Institutional Research and Data Analytics FAQ

What are census reporting dates?

Many of the reports on this site feature "census" data. Each year, the IR office creates a series of frozen data files that are date-specific based on directives from the U.S. Department of Education and IPEDS. Census dates are:

  1. ​​​​​October 15: Fall semester student enrollment snapshot and demographics, retention, and graduation rates.
  2. November 1: Employee (faculty and professional staff) snapshot.
  3. February 15: Spring semester student enrollment snapshot, fall to spring (first-term) retention rates.
  4. July 1–June 30: 12-month (academic year) enrollment headcount, 12-month credit hour production, 12-month degrees awarded count.
Why is the 12-month headcount larger than the fall or spring semester snapshot enrollment headcount?

UNE enrolls a large number of students in post-baccalaureate, non-degree, online, science pre-requisite courses over a 12-month period. These courses start and stop throughout the year. While the 12-month, academic year headcount includes all students who took at least one course at UNE over the July 1–June 30 time period, the semester snapshots include students enrolled in courses only on the census dates (October 15 for fall or February 15 for spring.) As the science pre-requisite students come and go frequently, the census snapshots only capture a small number of them. Degree-seeking enrollment numbers, however,​are more consistent between the 12-month and semester headcounts.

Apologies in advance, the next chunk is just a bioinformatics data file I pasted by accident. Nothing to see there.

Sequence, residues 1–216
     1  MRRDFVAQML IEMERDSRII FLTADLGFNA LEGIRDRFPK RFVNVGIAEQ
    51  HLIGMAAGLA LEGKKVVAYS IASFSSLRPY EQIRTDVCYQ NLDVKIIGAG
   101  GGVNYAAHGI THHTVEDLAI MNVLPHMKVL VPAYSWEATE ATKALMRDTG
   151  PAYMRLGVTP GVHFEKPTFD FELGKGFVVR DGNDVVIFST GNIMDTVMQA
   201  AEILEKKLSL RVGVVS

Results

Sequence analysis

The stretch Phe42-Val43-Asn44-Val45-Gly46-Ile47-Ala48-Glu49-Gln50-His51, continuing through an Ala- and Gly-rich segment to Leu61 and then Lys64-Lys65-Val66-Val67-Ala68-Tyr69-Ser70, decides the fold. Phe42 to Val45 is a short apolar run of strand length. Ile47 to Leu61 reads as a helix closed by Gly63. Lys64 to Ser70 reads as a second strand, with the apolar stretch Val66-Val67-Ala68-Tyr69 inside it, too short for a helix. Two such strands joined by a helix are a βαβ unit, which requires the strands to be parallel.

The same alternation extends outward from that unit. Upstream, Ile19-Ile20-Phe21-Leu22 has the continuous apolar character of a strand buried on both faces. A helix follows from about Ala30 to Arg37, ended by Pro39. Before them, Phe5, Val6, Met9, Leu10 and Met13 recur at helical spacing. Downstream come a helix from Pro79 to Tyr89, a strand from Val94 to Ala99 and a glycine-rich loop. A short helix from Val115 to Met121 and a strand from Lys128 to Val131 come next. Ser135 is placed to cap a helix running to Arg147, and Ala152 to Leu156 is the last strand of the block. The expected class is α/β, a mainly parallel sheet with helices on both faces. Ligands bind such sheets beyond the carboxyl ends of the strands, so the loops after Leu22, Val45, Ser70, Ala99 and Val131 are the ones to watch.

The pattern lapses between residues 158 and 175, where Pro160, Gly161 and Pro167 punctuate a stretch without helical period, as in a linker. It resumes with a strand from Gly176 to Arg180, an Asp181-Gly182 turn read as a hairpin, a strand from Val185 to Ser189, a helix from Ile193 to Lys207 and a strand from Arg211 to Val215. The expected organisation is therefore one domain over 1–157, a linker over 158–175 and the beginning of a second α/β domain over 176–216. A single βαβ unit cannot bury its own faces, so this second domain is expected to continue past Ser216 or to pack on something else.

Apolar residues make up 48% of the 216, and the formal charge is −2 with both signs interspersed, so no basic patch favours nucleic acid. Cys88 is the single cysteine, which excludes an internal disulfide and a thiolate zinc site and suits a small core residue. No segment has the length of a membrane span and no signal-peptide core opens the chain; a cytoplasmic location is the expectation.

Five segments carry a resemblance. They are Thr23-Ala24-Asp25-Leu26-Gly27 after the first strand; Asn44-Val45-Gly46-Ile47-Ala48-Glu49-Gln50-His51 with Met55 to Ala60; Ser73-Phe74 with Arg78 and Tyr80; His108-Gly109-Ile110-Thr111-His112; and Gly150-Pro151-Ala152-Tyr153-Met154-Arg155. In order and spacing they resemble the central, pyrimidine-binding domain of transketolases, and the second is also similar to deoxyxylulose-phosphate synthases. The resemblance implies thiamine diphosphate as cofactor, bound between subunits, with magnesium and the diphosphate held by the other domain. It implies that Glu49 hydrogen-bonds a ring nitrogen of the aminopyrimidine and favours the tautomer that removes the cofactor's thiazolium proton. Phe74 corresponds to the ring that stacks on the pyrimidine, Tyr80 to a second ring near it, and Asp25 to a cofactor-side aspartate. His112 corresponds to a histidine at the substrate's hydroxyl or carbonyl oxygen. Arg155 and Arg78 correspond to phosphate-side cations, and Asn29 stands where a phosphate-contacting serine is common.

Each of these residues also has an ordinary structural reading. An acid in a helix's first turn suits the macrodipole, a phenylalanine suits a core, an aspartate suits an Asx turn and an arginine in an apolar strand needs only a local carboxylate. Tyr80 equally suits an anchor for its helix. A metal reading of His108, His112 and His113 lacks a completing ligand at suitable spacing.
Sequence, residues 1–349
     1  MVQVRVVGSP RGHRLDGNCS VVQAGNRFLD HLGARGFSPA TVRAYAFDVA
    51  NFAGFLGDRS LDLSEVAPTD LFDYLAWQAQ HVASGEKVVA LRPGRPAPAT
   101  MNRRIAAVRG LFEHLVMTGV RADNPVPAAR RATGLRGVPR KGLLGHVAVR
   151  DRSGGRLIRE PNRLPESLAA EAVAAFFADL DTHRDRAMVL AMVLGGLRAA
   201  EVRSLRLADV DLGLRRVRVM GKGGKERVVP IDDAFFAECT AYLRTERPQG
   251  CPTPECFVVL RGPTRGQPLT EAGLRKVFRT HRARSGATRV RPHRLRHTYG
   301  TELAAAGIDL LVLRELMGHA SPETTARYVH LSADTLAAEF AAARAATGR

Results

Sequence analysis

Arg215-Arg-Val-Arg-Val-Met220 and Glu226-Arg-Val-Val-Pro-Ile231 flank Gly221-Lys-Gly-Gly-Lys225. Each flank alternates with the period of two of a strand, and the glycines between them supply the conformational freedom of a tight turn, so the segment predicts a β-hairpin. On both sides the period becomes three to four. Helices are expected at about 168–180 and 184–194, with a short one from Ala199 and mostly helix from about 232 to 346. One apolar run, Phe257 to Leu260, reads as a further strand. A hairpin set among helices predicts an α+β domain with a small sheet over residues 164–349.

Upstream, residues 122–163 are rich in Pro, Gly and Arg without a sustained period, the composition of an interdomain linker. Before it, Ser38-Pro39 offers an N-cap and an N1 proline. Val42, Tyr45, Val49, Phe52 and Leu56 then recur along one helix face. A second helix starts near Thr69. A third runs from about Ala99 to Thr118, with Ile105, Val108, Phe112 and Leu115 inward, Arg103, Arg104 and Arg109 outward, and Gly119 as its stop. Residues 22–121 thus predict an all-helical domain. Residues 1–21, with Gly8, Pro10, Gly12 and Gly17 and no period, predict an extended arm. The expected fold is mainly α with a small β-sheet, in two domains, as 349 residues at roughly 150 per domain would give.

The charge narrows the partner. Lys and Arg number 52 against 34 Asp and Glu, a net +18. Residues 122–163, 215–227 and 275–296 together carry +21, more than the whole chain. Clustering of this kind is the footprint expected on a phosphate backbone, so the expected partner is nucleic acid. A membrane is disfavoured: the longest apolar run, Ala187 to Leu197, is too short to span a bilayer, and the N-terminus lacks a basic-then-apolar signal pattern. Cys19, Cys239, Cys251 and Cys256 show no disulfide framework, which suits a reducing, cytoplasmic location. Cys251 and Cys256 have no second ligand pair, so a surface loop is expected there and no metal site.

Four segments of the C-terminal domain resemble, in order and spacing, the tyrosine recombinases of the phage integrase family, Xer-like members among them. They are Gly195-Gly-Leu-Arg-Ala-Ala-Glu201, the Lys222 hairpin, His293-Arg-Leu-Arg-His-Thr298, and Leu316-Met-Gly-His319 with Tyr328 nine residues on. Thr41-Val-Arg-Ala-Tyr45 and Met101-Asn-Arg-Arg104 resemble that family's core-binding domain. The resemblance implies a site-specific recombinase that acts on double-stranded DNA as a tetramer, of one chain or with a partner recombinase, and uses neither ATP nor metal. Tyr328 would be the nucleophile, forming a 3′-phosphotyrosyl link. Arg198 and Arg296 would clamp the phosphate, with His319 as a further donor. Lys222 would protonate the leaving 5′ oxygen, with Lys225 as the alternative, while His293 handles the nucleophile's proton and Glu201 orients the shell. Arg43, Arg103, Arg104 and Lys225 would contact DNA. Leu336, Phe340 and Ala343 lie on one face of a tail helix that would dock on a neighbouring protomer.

This is also relevant to the November employee snapshot data and reports created by IR. Because this snapshot report is based on employees on payroll as of November 1 each year, there are adjunct faculty who may not be counted, especially if they only work during a spring or summer semester.

Why does the National Center for Education Statistics (NCES) list UNE's undergraduate enrollment at over 4,000 students when UNE reports undergraduate enrollment at over 2,000 students?

When UNE submits enrollment data to the federal government, they require that we include any student taking undergraduate level courses in our undergraduate enrollment counts as of the fall census date. Therefore, we include the students taking the non-degree, online, science prerequisite courses in the undergrad totals as they are taking undergraduate level courses. On internal reports, IR refers to these students as Post-Baccalaureate level students to differentiate them from our undergraduate population.

What does Full-Time Equivalent (FTE) mean?

FTE is a way of calculating enrollment or employment figures that reduces the impact of part-timers. There is a headcount method and credit hour method for calculating FTE. Individual reports that reference FTE will note the method used to calculate it.